Computer reminders improve on-time immunization rates

Med Care. 1996 Oct;34(10 Suppl):OS45-51. doi: 10.1097/00005650-199610003-00005.


Objectives: This study examines the effectiveness of computer-generated telephone reminders in improving infants receiving on-time immunizations. A computer called parents at home, reminded them of their child's visit, and asked if they could keep the appointment. If parents either canceled or failed to honor the appointment, the computer called back a few days later and asked them to reschedule.

Methods: A medical assistant recruited 124 consecutive mothers to receive automated computer reminders. These mothers' infants were younger than 6 months, were being seen at an outpatient clinic for a first visit, and were patients of three attending physicians and three nurse practitioners. These infants were compared to 89 infants from the same clinic, in the same age range, who were being seen for the first time during the same period by the same providers but not contacted by the medical assistant. Subjects were selected from mothers who brought their infants for their first visit in an outpatient urban clinic that serves predominantly minority clients. A research assistant reviewed patients' medical records and collected the infants' birthday, mothers' age, race, source of payments, and the immunization record of the infants. Immunization was considered to be late if, at the time of the first visit, it was more than 30 days past due for any of the recommended immunizations of the American Academy of Pediatrics, except for Hepatitis B vaccine which was not recommended at the time of the study. The dependent variable was on-time immunization. The independent variables were age of the mother at baseline, age of the child at baseline, and membership in either the comparison or the experimental group. Chi-square tests and logistic regression were used to analyze the data.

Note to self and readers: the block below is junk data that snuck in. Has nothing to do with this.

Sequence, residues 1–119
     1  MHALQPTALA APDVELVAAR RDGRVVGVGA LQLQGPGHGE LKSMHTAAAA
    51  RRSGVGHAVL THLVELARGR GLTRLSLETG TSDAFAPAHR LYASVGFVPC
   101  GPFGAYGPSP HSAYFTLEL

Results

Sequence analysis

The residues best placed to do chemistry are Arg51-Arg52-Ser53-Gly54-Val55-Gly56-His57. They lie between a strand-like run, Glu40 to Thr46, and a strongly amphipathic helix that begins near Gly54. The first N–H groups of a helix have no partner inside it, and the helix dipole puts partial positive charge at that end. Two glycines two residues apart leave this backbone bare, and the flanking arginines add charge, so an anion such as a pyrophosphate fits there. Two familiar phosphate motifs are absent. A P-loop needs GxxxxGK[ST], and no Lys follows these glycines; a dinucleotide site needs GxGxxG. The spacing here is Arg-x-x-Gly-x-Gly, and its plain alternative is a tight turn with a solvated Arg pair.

Results: The participation rate for appointments for the experimental group was 82%, as compared to a 69% overall participation rate for the clinic providers. The on-time immunization rate for experimental subjects was 67.8%, whereas the comparison group had an on-time immunization rate of 43.4% (differences were significant at alpha levels less than 0.01).

Conclusions: Computerized reminders sent to the parents led to an increase in participation rate at the clinic and an increase in on-time immunization for their infants.

Publication types

  • Clinical Trial
  • Controlled Clinical Trial
  • Research Support, Non-U.S. Gov't
  • Research Support, U.S. Gov't, P.H.S.

MeSH terms

  • Adult
  • Ambulatory Care Facilities
  • Chi-Square Distribution
  • Child Health Services / organization & administration
  • Computer Communication Networks / organization & administration*
  • Health Services Research
  • Humans
  • Immunization*
  • Infant
  • Insurance, Health
  • Logistic Models
  • Mothers / education*
  • Mothers / psychology
  • Racial Groups
  • Reminder Systems*
  • Time Factors